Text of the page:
Container-friendly Alpine Linux may get Java port

Published February 27, 2017 by lagmen
Container-friendly Alpine Linux may get Java port

Project Portola would port the JDK to the security-focused, lightweight Linux distribution

Alpine Linux, a security-focused lightweight distribution of the platform, may get its own Java port. Alpine is popular with the Docker container developers, so a Java port could pave the way to making Java containers very small.

A proposal floated this week on an OpenJDK mailing list calls for porting the JDK (Java Development Kit), including the Java Runtime Environment, Java compiler and APIs, to both the distribution and the musl C standard library, which is supported by Alpine Linux. The key focus here is musl; Java has previously been ported to the standard glibc library, which you can install in Alpine, but the standard Alpine release switched two years ago to musl because it’s much faster and more compact

The Portola porting effort would be led by Mikael Vidstedt, a JDK 9 committer at Oracle. The proposal is still in its early stages of discussion, and the proposal has sparked questions. One member of the mailing list questioned the scope of the port, asking whether it would be handled as a new OS or a Linux version. He also questioned which architectures would be supported.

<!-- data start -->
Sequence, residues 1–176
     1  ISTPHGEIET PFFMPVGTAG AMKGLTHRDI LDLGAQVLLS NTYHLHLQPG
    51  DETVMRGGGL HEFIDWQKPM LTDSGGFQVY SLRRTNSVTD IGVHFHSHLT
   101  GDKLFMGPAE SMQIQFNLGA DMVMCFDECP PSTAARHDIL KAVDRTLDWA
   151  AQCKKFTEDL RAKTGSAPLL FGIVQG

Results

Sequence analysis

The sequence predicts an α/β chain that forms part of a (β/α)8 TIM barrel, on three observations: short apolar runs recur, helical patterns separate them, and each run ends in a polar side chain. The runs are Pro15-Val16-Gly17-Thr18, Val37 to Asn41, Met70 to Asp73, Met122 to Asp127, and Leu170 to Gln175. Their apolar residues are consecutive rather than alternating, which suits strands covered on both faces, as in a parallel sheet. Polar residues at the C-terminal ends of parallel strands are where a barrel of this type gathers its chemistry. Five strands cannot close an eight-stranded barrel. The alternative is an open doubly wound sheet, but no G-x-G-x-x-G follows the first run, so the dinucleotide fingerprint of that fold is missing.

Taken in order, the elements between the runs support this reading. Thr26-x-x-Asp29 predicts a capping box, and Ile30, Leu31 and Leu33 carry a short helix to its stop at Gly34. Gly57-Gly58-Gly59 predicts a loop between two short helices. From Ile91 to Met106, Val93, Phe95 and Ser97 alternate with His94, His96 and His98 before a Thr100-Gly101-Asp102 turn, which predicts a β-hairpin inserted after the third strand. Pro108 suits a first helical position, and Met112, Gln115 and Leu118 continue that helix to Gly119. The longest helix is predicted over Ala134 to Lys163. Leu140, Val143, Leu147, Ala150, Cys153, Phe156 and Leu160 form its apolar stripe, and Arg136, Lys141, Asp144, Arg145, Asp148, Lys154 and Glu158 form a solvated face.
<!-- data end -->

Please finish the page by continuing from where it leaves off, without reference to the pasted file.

Vidstedt responded that project members would discuss how exactly to model the Alpine/musl port. But his preliminary investigation on Linux/64 did not uncover anything inherently specific to the CPU architecture, “so until proven otherwise I would assume that the musl-supported platforms is the limiting factor,” he said.

Although the next version of Java, due this summer, is JDK 9, the initial source of the Portola project would be based on a clone of a JDK 10 repository. As with the Project Lamdba and Project Valhalla Java efforts, proponents would follow a “commit first, review later” policy, with code not flowing directly from Portola repositories into JDK repositories. A curated merge would be done instead, with select changes extracted into new changesets for inclusion in JDK repositories when ready.

Source: Infoworld.com

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